Food for the Teen with Anxiety

Eating Food …

As my child spiraled into severe ongoing Anxiety and Depression their appetite became greatly reduced, and the idea of eating with people was overwhelming. Food is important for health and well-being, it provides the nutrients for the body and brain to function. It is also a social occasion when family connections are made and affirmed. This is even more difficult if the child has sought to become nocturnal. This will be dealt with separately. So we had two frontiers to contend with.

1. How do you get nutritious food eaten?

A large plate of food can be overwhelming for a child experiencing anxiety. Especially if there has been a need to finish everything on your plate in the past. So creating a selection of small amounts of food on a small rectangular plate (not the usual dinner plate), that could easily be eaten with fingers can quickly counter this. It frees the child up to eat and enjoy something.


Sliced meat, fruit, veggie sticks, cake, biscuits, sushi, party foods, sandwiches, yogurt etc. can all made appearances at different times. The objective was to stimulate the act of eating with a variety of textures, flavors, colors, and shapes. The food was not always fully consumed. It was important to include the things that the child was partial to but with something else a bit different. Avoiding lollies and preservatives and food coloring’s will probably assist the move towards health and well being, but there are special occasions so it’s as much as is do-able.

Some foods can be eaten to excess. The chocolate chip cookies were one such example in our household. So to ensure other members of the family got to sample them, and the child did not over indulge too badly, a small stock needed to be hidden.

2. When and where is it okay to eat?

The belief system that you have to eat at the table with the family needed a radical overhaul in our family…it just didn’t work! This meant providing food when the child was playing computer games, unable to speak and in their room. The food was provided in small portions that were hand friendly. Minimal conversation was made, just a simple placing of the food. I found that usually everything was eaten as the child was often preoccupied with what they were doing.

3. Special Occasions and extended Family

Occasionally the invitation was extended to join the family…no expectations. As time went on the food was provided but left on the bench to encourage eating in the family area. This didn’t always work and then the food would be taken into them. At times the family sat at the table and the child sat at the bench or took the food with them…no judgement was expressed, only acceptance.

By accepting where the child was and what their anxiety levels allowed them to do, created an atmosphere where they knew they were loved and could join the family at any time in any way without a “big deal” being made of it. Even their own birthday was often too big to be with family for a meal, yet a cake may draw them out for a couple of minutes. Do it their way and they may just develop the confidence to join in more frequently in time, slowly building the connections.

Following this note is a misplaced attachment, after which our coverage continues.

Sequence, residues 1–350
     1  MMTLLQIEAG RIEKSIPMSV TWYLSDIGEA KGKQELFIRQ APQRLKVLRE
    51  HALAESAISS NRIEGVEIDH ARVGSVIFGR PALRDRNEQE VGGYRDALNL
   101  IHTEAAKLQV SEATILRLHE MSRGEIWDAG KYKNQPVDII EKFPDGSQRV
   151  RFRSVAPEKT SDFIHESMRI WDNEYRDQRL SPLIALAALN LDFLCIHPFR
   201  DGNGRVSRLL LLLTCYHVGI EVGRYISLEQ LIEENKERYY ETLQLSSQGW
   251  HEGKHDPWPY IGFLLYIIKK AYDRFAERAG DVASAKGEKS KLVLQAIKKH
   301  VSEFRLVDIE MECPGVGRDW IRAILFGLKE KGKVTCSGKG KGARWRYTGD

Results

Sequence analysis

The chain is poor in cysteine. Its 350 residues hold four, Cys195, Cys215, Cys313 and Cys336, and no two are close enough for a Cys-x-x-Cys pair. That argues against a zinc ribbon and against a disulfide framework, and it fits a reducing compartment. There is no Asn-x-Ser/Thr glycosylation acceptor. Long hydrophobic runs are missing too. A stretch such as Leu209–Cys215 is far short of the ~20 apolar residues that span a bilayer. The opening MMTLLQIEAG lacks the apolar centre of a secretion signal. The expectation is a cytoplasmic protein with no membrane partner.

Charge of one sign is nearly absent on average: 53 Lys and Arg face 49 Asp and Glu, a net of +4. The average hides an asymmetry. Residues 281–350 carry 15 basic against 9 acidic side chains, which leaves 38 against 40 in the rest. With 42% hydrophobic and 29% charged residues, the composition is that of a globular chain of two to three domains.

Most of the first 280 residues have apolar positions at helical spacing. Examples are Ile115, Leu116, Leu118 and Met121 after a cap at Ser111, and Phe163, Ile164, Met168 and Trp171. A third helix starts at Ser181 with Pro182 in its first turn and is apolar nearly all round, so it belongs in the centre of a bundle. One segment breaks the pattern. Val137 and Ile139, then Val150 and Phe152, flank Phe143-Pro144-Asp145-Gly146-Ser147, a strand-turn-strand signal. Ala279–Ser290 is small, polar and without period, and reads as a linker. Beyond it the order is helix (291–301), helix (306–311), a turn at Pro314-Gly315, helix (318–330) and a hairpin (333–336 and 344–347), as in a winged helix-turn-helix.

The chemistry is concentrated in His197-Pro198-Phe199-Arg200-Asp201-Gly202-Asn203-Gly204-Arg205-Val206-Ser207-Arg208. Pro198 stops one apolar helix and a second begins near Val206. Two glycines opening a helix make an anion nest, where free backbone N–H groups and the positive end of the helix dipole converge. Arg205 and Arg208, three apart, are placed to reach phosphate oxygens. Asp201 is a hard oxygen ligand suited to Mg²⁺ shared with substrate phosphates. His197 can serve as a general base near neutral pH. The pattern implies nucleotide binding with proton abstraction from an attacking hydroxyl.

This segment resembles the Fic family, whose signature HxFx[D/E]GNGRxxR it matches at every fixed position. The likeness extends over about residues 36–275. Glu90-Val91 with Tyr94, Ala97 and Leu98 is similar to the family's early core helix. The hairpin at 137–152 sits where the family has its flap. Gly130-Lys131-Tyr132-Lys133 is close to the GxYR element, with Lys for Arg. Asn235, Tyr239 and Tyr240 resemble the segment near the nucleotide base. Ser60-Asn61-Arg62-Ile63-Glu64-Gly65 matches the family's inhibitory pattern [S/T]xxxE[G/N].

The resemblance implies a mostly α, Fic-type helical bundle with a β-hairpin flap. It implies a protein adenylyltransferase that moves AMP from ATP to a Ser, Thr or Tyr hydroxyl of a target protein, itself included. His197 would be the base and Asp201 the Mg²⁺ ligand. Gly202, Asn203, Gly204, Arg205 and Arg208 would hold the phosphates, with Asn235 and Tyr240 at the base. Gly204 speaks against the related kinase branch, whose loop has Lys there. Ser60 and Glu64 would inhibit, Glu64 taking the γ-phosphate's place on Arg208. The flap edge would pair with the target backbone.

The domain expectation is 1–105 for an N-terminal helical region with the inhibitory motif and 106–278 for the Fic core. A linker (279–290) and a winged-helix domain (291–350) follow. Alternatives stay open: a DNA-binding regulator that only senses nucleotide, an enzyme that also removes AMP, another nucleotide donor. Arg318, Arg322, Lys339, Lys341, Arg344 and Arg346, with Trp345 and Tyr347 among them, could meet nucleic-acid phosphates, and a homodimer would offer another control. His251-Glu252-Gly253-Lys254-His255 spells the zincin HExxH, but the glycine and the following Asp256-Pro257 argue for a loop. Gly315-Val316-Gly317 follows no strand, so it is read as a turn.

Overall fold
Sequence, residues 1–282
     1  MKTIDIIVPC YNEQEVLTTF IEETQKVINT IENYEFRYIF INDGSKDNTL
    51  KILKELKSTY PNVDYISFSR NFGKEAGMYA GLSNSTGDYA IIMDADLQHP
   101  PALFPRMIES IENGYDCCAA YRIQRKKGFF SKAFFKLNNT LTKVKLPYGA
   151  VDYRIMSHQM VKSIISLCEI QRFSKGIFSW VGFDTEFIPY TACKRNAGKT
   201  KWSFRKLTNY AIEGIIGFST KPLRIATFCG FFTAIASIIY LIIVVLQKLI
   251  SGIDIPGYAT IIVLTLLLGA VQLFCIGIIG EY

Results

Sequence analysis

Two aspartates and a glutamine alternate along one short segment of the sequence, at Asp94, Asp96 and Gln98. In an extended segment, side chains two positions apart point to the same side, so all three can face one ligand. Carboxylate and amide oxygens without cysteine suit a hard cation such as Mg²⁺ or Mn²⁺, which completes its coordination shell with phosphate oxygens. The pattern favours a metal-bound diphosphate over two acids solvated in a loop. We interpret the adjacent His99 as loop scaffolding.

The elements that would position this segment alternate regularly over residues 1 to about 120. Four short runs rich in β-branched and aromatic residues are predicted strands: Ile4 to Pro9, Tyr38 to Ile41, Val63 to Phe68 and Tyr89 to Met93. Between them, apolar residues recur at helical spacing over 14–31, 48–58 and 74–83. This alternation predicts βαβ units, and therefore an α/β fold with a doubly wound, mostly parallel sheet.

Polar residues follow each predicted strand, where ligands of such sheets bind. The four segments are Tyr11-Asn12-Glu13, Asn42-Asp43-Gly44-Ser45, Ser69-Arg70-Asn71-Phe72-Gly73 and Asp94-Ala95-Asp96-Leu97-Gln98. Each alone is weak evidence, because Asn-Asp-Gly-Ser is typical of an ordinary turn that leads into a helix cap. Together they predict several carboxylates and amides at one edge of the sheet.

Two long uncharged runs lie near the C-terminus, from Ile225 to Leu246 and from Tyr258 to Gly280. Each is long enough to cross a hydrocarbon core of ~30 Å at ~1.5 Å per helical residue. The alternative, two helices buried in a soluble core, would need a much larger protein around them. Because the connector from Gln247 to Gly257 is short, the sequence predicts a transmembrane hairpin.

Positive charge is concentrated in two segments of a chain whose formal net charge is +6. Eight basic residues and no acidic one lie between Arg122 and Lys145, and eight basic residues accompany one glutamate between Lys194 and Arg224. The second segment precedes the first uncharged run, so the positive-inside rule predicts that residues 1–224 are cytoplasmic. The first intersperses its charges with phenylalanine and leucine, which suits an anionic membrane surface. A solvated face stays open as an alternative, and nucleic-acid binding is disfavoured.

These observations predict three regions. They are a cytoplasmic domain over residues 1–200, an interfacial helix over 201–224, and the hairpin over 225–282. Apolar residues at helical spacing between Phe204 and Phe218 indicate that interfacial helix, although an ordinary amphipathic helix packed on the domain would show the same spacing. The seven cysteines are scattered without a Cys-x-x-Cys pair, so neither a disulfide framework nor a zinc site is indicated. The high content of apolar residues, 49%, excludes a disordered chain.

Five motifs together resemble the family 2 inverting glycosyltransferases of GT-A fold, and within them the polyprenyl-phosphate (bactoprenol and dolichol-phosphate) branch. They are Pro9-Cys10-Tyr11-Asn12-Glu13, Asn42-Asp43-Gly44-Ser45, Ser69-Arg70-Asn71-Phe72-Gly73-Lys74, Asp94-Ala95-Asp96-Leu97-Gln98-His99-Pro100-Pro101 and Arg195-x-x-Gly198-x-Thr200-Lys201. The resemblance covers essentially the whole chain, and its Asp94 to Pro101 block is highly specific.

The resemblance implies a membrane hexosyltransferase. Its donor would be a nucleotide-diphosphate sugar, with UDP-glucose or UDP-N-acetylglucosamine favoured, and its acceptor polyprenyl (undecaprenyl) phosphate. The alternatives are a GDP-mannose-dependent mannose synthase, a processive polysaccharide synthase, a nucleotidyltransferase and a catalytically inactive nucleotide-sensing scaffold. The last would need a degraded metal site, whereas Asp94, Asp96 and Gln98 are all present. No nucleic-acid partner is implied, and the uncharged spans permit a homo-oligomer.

When there were special occasions with extended family and friends we always let the child know what was happening and that they were welcome to join in. It was also expressed explicitly that there was no expectation and if they choose to stay in their room that was okay. Now this was not easy as sometimes family and friends can be very judgmental of your child and you. Be the adult and explain that’s how it is and that is what is needed at this stage. No arguments or in-depth justifications required, simply ask for acceptance. Sending a link such as “Beyond Blue” explaining what anxiety and depression is may help.

There is a great power in gentleness and just as you ask others to accept the situation your child is in, you too can assist by accepting that other people sometimes cannot cope with their own feelings about the situation and may express them at times and in ways that are un-supportive. My best advice is to understand and forgive, then preemptively create the structures and space so that interactions can be as positive as possible. You are not alone, and people want to help you. Reach out and accept all that you can.


About R Congues

Funny enough, this blog has become the expression of my hopes, dreams, love and experiences. It came about because of the situation I discovered I was in, and I am delighted to see it grow and heal into something different: I am a parent of two children, one who has experienced severe anxiety that became disabling in all aspects of their life. I am a teacher of Maths, Science and Religious Education with a Masters in Special Needs Education; I am a qualified Reiki master, with a love of art and creative experience. I am not a professional in the fields of psychology or medicine. (If you are interested in these perspectives there are many internet sites to use.) I am simply expressing my experience in my own unique way.
This entry was posted in Anxiety, Depression, Parenting, Social Phobia, Teenagers, Uncategorized and tagged , , , , . Bookmark the permalink.

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